A proficient Switch port of the 2015 title, Zombie Army Trilogy is best played with cooperative partners, online or off.
Developer: Rebellion Developments
Release date: March 31st, 2020
Availability: $34.99 via digital download from the eShop
While the Allied opposition of Nazi Germany lasted four fateful years, gamers have been fighting Adolf’s undead legions for even longer. In 2013, Rebellion Developments’ Nazi Zombie Army offered a B-movie remix of Sniper Elite V2 that replaced the third reich’s dexterous military with battalions of decaying shamblers. Marching through derelict warzones, rupturing zed heads proved to be an entertaining recreation. The game’s success spurred a sequel eight months later. In 2015, Zombie Army Trilogy bundled remastered versions of these two titles and added a previously unreleased third installment.
Now, a half-decade later, the game has pivoted from PlayStation 4, Xbox One, and PC, to the portability of the Nintendo Switch. Although the leap from bulky hardware to a handheld unit can often cause apprehension, Rebellion’s done an amazingly adept job here. Sure, the title begs for play with a few fellow humans. But given relatively seamless online functionality, netizens can fill in for local acquaintances. Just like the original release, Zombie Army Trilogy can be a bit tedious and frustrating for individualists.
Leaving the (Sniper’s) Nest
Sniper Elite favored the sporadic trek up to an elevated position, where you could harness the precision and power of your M1903 Springfield rifle. From your isolated perch, you could pick off enemies, witnessing the sporadic slow motion shot of a bullet perforating vital organs. But habitually, Zombie Army Trilogy early chapter puts you on the ground.
Instead of the intensity of foes potentially identifying your position, tension stems from the slow shuffle of an undead throng. When a group comes lumbering toward you, you’ll have to make every shot count. Miss and you’ll be forced to switch to a short-range weapon with limited ammo, retreat, or incur perilous damage. Gratifyingly, it’s every bit as taut, especially when you’re forced to quickly loot corpses for ammo, putting you in precarious positions.
Eight Playable Characters Vs. the Re-Animated
The fifteen-chapter storyline comes with a pleasing payoff as well. The content from the first two Nazi Zombie Army games is entertaining, with set pieces between each pentagram-marked waypoint. Here, a multitude of enemies will try to break your team’s mettle, using everything from suicide bombers to chainsaw-wielding elites, and even fire demons who can summon blazing baddies.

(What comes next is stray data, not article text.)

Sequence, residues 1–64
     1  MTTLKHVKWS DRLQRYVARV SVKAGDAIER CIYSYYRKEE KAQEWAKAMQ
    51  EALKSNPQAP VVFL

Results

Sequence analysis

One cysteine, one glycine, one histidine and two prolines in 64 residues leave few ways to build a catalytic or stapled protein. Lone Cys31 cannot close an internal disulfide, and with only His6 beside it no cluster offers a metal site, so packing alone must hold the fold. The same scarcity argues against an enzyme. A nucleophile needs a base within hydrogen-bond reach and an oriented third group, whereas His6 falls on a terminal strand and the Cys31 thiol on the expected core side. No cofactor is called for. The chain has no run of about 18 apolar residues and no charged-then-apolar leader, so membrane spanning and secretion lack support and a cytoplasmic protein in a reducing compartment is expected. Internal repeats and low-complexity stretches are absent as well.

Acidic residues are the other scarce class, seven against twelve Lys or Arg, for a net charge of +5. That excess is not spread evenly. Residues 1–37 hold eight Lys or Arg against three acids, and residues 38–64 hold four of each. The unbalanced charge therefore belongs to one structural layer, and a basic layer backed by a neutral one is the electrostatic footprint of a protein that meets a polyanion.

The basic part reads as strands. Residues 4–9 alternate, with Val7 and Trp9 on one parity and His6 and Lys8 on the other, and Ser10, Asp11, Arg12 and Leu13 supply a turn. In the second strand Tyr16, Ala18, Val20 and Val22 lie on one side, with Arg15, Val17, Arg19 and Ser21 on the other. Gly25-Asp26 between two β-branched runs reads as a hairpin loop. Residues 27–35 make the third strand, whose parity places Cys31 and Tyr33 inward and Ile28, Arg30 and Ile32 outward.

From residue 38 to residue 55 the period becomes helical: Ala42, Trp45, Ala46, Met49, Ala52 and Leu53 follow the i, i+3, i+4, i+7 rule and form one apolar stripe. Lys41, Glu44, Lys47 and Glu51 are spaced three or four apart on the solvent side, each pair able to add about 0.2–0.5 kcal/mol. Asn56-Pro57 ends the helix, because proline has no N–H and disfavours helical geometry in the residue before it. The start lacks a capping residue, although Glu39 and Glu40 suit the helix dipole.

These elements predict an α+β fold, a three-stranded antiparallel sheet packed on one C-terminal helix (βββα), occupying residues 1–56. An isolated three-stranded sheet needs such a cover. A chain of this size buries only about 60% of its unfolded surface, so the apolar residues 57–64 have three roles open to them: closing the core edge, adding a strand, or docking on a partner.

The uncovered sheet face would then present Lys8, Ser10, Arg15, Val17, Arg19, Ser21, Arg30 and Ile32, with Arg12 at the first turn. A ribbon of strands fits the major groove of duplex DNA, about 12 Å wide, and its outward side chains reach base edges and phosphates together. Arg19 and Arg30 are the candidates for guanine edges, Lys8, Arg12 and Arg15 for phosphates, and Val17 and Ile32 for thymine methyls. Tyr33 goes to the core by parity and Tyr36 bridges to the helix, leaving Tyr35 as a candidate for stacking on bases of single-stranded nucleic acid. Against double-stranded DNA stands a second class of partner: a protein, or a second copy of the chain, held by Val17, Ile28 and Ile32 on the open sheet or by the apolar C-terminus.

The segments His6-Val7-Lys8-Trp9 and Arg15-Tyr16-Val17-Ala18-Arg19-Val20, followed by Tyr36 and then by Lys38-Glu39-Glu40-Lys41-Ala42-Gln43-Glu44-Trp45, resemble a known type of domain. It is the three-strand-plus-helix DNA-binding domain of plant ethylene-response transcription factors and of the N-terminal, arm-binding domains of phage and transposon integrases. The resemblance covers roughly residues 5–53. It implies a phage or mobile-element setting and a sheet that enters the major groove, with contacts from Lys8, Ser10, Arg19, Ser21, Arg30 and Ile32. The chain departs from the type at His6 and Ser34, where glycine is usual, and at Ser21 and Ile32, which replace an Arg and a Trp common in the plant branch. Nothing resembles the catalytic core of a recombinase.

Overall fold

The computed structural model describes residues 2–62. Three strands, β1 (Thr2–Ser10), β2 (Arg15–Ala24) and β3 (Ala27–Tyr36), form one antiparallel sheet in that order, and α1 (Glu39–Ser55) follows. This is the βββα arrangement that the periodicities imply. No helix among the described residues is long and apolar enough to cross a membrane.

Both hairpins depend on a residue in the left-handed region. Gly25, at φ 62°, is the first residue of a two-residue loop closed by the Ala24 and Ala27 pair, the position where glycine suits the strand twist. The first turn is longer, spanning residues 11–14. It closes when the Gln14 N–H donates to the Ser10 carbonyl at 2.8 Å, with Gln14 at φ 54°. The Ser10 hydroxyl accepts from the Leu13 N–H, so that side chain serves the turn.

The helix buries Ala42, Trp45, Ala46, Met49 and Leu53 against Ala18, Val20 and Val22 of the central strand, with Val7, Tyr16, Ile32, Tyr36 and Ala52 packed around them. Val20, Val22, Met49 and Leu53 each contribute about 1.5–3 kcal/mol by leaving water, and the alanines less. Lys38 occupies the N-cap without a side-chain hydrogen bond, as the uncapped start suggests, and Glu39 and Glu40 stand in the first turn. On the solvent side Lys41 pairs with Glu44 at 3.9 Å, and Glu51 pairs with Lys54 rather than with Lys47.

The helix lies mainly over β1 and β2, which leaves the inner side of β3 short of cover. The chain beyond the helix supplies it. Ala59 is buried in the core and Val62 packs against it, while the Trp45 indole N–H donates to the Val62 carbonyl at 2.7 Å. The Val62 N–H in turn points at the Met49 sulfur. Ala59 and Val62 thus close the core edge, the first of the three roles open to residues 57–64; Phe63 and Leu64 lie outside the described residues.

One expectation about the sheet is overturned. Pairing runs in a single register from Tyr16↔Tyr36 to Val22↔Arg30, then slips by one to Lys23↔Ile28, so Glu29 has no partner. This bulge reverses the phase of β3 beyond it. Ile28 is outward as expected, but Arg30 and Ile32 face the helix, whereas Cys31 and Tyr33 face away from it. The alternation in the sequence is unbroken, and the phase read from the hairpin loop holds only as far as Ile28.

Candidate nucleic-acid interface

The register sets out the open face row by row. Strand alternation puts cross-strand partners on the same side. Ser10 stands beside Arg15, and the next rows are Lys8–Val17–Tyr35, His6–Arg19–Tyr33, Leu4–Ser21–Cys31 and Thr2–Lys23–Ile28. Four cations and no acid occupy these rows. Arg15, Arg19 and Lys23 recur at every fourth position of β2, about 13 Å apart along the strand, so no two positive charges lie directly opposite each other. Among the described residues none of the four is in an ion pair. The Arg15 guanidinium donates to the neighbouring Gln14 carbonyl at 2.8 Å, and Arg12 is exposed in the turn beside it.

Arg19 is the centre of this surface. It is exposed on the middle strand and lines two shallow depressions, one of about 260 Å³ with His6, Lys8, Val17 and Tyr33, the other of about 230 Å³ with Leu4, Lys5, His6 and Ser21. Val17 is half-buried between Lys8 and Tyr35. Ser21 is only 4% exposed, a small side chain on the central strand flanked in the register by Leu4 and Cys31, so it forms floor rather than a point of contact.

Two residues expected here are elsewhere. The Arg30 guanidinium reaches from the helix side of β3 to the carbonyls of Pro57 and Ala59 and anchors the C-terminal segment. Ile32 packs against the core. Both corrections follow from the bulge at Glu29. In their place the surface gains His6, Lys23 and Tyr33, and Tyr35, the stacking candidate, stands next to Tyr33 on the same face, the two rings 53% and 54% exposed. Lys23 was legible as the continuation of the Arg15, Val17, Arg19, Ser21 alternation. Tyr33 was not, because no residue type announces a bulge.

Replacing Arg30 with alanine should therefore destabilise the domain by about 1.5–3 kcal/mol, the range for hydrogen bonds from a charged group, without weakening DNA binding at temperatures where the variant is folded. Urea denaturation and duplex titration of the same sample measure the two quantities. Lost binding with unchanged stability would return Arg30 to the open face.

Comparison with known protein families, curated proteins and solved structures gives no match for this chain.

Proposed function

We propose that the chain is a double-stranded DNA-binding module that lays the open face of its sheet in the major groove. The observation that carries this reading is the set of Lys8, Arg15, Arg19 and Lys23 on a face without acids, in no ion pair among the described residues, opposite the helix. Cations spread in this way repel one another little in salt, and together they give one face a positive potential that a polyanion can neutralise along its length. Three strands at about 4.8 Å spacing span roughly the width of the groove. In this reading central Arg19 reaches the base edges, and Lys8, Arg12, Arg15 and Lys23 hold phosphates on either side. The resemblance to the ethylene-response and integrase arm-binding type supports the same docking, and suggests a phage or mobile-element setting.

But the final five missions are were Rebellion lets loose, breaking away from the linearity of the previous stages along with a persistent blitzkrieg of adversaries. Here, the game can feel like a deadly fun house filled with hidden walkers, explosive that can be detonated, and even a few traps about. Mercifully, Zombie Army Trilogy doesn’t require you to work your way there. Beyond a trio of difficulty settings and enemy spawn rates, you can also start from any episode. But tackling the campaign in sequential order is recommended. You don’t want to miss any of the meticulously designed stages, each offering a different ominous setting for the action.
Multiplayer Comes Alive
Confront Hitler’s lumbering masses alone and you’re more likely to notice the game’s minor issue. Boss battles are tougher when playing solo. Although squad members can rescue a downed ally, the lack of any teammates means that death will send you back to the previous checkpoint. Occasionally, you can adjust play style, laying down zombie massacring mines or trip wires, but sporadically, undead throngs in tight spaces will wear down your patience. Another incentive to play cooperatively is found in Horde Mode. Here, you’ll sacrifice the cinematics that detail das führer’s last-ditch effort for reanimated regiments. Instead, you and up to three partners will battle waves of increasingly numerous and resilient foes, distilling the game down to its fundamentals.
Another victorious quality is the quality of Zombie Army Trilogy’s port. In handheld mode, the game runs at 720p while docked provides 1080p fidelity. Regardless of play mode, the runs at a rock solid 30 frames-per-second. Sure, a few negligible visual sacrifices where made, and purists just might notice reduced shadow quality or the absence of anti-aliasing. But fundamentally, this is a meticulous adaptation, offering all the content and refinement of the previous versions. One addition for Switch owners is the inclusion of optional gyroscopic aiming. Giving the tendency for zombies to shudder about, this appendage should make headshot hunters quite happy.
Zombie Army Trilogy might lack the mischievous mass electrocution-inducing perks and explosive ammo that made Dead War so gratifying. But even without the over-the-top weaponry, Trilogy is a lot of fun. With a local or online group, the game delivers a pulpy mix of bullets, blood, and scrambled zombie brains, goading acquaintances into working as a tight-knit team. Individual play is enjoyable for reprieves between these sessions but shouldn’t be the sole reason for enlisting to fight this undead army.
Zombie Army Trilogy was played on Switch with review code provided by the publisher.